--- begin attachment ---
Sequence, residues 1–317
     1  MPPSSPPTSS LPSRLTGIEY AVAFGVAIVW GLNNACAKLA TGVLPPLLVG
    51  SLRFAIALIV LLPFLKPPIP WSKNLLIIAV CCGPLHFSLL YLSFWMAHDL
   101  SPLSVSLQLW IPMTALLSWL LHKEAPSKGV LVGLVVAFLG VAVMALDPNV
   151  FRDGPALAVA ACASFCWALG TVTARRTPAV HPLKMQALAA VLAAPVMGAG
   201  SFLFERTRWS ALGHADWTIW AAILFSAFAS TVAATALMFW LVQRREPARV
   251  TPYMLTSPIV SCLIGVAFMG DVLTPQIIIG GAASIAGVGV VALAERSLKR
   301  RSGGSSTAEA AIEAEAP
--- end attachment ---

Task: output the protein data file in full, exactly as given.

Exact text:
Sequence, residues 1–317
     1  MPPSSPPTSS LPSRLTGIEY AVAFGVAIVW GLNNACAKLA TGVLPPLLVG
    51  SLRFAIALIV LLPFLKPPIP WSKNLLIIAV CCGPLHFSLL YLSFWMAHDL
   101  SPLSVSLQLW IPMTALLSWL LHKEAPSKGV LVGLVVAFLG VAVMALDPNV
   151  FRDGPALAVA ACASFCWALG TVTARRTPAV HPLKMQALAA VLAAPVMGAG
   201  SFLFERTRWS ALGHADWTIW AAILFSAFAS TVAATALMFW LVQRREPARV
   251  TPYMLTSPIV SCLIGVAFMG DVLTPQIIIG GAASIAGVGV VALAERSLKR
   301  RSGGSSTAEA AIEAEAP